Tuesday Jun 23, 2020
Reopening your practice during COVID-19: where to begin
Although primary care practices are beginning to reopen in many parts of the country, a return to “business as usual” is a long way off, if it’s even possible. New workflows and other changes are now critical to maintaining social distancing and keeping facilities clean and safe. But where should practices begin?
The Centers for Disease Control and Prevention recommends(www.cdc.gov) continued use of telehealth to reduce the risk of SARS-CoV-2 transmission, and use of nurse-directed triage protocols to determine if an in-person appointment is necessary. Anyone entering the practice should be screened for signs and symptoms of COVID-19 so that appropriate precautions can be taken.
For Natasha Bhuyan, MD, and colleagues in their Phoenix-based practice, these additional changes have been key to reopening:
- Touchless entry (via automatic doors, propping doors open, etc.),
- Masking all patients,
- Disinfecting rooms with Environmental Protection Agency-approved disinfectants in between each patient visit,
- Adequate personal protective equipment for staff (see “Amazon Gives FPs Priority Access to COVID-19 Supplies”),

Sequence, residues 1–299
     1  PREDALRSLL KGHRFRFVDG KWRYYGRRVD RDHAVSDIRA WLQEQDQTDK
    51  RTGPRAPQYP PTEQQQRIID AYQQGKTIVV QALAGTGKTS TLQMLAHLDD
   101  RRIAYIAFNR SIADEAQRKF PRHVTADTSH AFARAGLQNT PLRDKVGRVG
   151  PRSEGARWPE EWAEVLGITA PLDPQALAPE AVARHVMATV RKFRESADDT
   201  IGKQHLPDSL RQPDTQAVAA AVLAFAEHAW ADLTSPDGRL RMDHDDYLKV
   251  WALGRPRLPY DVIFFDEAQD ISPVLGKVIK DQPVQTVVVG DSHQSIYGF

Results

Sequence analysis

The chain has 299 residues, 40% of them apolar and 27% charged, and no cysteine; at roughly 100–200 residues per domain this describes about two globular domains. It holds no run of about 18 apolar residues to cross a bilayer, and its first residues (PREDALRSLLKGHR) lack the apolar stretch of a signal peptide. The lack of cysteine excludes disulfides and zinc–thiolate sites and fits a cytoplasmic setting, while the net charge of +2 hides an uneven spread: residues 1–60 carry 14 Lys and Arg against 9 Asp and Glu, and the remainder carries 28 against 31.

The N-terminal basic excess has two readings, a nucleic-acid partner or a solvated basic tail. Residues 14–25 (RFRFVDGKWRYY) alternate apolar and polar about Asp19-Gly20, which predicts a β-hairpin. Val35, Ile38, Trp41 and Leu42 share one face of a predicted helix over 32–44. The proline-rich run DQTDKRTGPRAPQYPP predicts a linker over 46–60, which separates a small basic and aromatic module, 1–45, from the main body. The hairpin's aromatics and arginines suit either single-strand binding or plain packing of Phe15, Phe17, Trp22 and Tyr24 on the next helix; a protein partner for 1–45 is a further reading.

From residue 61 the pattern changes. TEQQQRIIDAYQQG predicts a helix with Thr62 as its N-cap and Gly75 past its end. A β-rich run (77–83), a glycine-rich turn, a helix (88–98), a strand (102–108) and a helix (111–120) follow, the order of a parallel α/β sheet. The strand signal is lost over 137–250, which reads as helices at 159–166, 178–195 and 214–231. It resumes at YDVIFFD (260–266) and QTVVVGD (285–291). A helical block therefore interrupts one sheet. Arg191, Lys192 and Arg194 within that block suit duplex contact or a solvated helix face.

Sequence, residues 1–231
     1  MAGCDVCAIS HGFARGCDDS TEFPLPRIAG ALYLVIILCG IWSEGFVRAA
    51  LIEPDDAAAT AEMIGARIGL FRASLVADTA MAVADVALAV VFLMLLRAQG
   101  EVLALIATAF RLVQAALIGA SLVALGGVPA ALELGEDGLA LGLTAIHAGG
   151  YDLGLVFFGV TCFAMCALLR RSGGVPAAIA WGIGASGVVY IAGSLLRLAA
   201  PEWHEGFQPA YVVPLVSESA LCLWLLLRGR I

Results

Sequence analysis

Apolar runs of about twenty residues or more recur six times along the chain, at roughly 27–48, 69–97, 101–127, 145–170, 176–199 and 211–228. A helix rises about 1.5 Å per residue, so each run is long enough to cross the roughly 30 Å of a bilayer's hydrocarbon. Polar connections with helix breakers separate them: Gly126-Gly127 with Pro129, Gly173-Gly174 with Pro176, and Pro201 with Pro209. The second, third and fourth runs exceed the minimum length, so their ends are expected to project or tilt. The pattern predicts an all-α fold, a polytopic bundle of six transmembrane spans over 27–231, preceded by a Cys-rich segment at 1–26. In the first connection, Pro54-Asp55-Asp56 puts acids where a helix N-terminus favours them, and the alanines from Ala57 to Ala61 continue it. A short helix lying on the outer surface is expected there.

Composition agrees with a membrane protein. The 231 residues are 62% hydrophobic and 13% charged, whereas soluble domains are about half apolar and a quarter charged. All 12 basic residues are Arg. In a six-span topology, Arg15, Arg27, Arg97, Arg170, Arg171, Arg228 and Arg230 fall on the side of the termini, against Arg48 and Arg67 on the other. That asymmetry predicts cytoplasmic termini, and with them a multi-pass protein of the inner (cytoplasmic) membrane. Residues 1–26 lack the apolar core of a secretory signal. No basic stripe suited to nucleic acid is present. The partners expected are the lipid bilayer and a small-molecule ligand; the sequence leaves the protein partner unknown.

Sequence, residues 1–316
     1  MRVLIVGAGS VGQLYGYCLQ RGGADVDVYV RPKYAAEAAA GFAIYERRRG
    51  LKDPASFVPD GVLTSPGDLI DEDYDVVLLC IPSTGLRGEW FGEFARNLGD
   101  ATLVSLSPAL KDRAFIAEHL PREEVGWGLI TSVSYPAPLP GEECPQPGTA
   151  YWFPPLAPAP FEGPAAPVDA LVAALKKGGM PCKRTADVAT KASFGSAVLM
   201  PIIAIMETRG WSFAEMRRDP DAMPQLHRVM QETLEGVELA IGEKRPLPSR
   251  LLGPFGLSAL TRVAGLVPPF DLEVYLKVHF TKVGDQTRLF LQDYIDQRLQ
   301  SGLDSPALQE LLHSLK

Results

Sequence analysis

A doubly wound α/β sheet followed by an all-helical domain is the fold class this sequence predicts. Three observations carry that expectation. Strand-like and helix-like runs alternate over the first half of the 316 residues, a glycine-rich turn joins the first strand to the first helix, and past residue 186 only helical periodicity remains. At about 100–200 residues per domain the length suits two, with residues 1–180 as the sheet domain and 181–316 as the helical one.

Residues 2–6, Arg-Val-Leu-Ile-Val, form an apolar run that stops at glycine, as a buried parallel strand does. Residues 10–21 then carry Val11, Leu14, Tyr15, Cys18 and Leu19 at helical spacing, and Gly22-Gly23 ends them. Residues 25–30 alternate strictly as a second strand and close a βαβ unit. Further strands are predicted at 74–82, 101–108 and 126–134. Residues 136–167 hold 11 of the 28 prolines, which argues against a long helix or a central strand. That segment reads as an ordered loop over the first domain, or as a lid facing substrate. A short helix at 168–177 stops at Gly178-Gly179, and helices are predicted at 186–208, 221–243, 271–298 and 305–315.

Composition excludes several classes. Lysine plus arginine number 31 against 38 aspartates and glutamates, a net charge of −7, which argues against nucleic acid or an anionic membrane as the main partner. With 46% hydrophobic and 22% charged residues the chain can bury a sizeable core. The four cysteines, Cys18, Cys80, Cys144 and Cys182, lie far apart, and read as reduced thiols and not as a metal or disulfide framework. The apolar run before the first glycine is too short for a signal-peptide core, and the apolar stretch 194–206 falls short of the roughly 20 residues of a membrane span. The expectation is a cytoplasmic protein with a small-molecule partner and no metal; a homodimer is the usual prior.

- High-efficiency particulate air (HEPA) filters in all exam rooms, lab rooms, and lobby spaces,
- Hand sanitizer everywhere.
Another critical step is redirecting patient flow to promote social distancing. James Dom Dera, MD, and colleagues in Fairlawn, Ohio, functionally removed their lobby/waiting room and added a barrier and signs to redirect traffic through the practice. Because the practice has only one entrance and exit, the office doors are now locked. Patients must call to be let in when they arrive, and are then escorted directly to an exam room. Staff members also escort patients out of the practice, making sure that other patients aren't in the hallway so that incoming and outgoing patients do not cross paths and contaminate each other.
Dom Dera used a spaghetti diagram(asq.org) to analyze the patient rooming and lobby workflow, looking for areas of major intersection. He then remapped the process to address any points of congestion, as shown below.
A spaghetti diagram (above) helped James Dom Dera, MD, identify points of congestion in patient flow and then redesign the process. A barrier and signs (below) now redirect traffic, keeping incoming and outgoing patients from crossing paths.
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Posted at 09:00AM Jun 23, 2020 by FPM Editors